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of world boston. as we head into the pam assessing the aftermath of the arab spring, allow me to thank todd, president and ceo of the world affairs councils of america, his crack staff, national council chair, laurie murray, and our many sponsors for this significantly stimulating conference thus far. [applause] like america, i am a wash in debt. it's time to make good on those obligations to each here on the panel who i'm honored to present. i had the pleasure of hearing at dozens of universities in the boston area. i'm owing you a way overdue invitation to the council downtown. professor is a senior fellow at the saban center at brookings institution, a distinguished former and current adviser to government agencies, u.s. leaders, and diplomats, and he's a prolific and best-selling author. i'll quote from the top of the website at the university of maryland where he is the professor of peace and development. i have always believed that good scholarship can be relevant and consequential for public policy. it is possible to effect public policy without being an advocate, to be passionate ab
since then, they make more u-turns than a boston cab driver trying to get to the place where he was. when you look at the results of this election come you can try connect connection between policies president obama has led on a devoted support he got. if in the face republicans decide what they need to do is go back and do it even more conservative again, far be it for me to persuade them otherwise. we got another election in four years. i can levitate, but it wouldn't be wise. >> on the religion question i agree was blaise entry into. if you look at the polling of people less likely to vote for a candidate because they were more men, the majority of his people thought barack obama is a muslim who was born in canada country in kenya. it wasn't there to make it a negative, but it is true democrats did not make it an issue. >> some of the positions from me to turn the primaries really hurt specifically with regard to immigration reform. it is newt gingrich is that romney was the most conservative on that issue in any country where it is the fastest-growing bloc of voters, that's real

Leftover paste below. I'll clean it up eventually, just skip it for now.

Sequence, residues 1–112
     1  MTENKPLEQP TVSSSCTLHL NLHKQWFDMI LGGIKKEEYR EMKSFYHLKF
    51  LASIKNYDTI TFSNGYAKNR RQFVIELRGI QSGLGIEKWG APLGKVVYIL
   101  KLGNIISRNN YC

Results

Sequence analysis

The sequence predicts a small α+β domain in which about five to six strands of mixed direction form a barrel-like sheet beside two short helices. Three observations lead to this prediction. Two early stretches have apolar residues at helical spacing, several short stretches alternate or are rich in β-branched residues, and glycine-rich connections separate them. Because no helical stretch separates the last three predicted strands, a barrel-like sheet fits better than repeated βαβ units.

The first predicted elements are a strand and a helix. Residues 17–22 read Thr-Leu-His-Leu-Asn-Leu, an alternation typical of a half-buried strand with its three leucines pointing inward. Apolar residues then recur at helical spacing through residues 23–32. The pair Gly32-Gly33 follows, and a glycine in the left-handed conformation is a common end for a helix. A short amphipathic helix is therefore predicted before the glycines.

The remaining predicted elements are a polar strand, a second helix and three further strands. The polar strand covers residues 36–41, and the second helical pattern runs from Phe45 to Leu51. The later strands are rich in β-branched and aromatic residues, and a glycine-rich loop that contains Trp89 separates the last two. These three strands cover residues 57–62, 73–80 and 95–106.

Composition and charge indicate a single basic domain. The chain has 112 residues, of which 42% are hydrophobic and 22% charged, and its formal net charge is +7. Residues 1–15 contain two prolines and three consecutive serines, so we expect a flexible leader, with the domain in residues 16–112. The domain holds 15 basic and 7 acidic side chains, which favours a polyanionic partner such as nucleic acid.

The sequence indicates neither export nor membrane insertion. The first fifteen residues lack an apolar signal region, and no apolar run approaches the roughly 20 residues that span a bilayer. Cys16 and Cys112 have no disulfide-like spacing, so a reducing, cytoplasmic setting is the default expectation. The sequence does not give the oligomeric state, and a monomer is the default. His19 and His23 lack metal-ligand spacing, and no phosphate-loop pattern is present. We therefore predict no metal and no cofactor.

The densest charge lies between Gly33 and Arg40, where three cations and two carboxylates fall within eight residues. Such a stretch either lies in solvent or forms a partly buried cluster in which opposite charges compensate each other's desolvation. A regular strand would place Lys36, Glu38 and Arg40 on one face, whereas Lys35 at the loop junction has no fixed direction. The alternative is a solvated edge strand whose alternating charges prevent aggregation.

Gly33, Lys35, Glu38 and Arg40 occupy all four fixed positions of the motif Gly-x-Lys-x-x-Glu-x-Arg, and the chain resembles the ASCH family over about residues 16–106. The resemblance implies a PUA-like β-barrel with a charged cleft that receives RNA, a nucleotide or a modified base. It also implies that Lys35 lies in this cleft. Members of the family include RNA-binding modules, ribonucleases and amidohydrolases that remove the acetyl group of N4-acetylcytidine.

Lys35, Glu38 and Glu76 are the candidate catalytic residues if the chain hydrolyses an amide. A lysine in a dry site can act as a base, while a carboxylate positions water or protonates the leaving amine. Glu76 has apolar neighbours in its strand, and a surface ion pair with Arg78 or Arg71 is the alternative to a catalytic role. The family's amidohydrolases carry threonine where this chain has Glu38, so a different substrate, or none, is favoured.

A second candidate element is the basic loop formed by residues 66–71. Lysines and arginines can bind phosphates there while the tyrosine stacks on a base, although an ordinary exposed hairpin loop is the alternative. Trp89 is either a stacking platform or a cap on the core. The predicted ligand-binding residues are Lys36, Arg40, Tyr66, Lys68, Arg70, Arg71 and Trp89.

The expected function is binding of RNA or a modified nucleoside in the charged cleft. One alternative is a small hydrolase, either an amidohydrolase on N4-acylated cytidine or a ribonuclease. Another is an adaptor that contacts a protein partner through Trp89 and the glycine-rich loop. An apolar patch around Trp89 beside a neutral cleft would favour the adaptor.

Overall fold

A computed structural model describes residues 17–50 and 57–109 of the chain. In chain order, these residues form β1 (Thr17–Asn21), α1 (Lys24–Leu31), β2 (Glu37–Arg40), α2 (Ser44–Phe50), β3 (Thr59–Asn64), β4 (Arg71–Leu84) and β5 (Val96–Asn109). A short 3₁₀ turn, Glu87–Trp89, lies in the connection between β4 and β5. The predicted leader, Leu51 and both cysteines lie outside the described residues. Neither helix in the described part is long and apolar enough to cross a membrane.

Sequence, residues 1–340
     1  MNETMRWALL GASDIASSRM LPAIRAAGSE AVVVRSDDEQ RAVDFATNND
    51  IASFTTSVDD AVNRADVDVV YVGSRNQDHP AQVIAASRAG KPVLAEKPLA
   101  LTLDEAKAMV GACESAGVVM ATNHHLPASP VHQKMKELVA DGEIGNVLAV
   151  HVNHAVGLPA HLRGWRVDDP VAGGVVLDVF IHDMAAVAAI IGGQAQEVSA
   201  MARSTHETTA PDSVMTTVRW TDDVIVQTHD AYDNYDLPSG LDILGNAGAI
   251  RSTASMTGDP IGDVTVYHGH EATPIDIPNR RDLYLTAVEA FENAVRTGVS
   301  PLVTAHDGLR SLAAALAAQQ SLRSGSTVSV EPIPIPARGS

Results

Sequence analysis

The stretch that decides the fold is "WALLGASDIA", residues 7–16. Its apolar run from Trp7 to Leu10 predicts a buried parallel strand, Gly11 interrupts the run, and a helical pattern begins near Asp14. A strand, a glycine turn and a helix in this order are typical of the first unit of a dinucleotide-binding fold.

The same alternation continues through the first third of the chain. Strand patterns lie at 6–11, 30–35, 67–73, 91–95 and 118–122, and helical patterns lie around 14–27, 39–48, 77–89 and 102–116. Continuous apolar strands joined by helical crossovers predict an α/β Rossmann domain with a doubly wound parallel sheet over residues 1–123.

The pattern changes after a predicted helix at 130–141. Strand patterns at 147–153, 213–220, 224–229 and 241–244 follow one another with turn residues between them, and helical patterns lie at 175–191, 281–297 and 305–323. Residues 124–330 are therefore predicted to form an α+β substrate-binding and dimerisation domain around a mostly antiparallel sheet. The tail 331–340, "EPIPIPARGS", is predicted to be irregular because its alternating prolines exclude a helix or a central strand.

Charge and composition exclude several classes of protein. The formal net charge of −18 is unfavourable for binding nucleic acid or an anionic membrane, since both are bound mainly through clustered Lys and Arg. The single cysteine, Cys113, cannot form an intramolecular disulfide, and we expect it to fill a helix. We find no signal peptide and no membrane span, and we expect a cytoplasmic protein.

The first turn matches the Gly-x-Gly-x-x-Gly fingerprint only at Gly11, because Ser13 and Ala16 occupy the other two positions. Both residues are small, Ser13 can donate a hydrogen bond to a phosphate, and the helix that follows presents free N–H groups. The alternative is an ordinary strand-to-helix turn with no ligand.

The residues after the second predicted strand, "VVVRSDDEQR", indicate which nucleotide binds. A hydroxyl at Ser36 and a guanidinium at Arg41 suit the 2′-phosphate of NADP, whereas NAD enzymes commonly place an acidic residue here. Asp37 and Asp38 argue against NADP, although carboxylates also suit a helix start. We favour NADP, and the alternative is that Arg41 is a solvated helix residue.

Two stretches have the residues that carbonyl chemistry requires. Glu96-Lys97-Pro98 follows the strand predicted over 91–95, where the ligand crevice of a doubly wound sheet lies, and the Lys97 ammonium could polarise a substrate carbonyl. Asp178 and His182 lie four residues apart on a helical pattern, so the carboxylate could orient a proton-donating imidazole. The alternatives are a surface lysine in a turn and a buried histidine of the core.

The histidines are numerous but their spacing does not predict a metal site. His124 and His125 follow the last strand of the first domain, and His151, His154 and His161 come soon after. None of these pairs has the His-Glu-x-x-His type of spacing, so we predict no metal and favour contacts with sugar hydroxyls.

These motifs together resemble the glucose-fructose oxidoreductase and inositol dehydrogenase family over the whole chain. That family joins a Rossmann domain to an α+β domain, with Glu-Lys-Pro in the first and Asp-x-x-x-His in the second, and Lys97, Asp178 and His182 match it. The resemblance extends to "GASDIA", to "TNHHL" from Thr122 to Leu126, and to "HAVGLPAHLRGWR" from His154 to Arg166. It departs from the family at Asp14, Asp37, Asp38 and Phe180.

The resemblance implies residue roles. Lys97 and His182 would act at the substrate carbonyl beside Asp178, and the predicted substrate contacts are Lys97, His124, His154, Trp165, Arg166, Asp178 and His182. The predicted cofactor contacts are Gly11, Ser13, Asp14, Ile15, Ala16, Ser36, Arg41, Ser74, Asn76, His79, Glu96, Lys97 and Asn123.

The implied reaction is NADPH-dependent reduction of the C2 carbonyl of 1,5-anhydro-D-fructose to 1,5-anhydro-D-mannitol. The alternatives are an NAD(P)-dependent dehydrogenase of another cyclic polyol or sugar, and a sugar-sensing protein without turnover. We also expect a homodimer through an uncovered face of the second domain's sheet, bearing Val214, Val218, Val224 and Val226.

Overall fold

here. >> hike in the stephen flynn from northeastern university in boston. on the issue of new normal, i wonder picking up on david's point about the price to post-9/11, is the sort of coming to grips with the hubris we could prevent bad things from happening, this huge investment in the post-secular world arabic ere we could ideally stop risk. actually coping with that is what we really need to increase and maybe just bring it very close to home. we just had this bashing mother nature in the area, priced at around $60 billion for a risk above the basic things like when you have tunnels that are only seven feet above water. it fills up the hole and you end up with 86 million gallons of oil in the tunnel and that's not hard to predict. putting safeguards in place in recovering this may be one element of this. basically the issue is that we focus too much on trying to prevent risk instead of managing it better? >> steve tried to argue for solace, which is an interesting concept. yes, back here. >> richard downey from the center for hemispheric u.s. david, you mentioned in the election t
Search Results 0 to 2 of about 3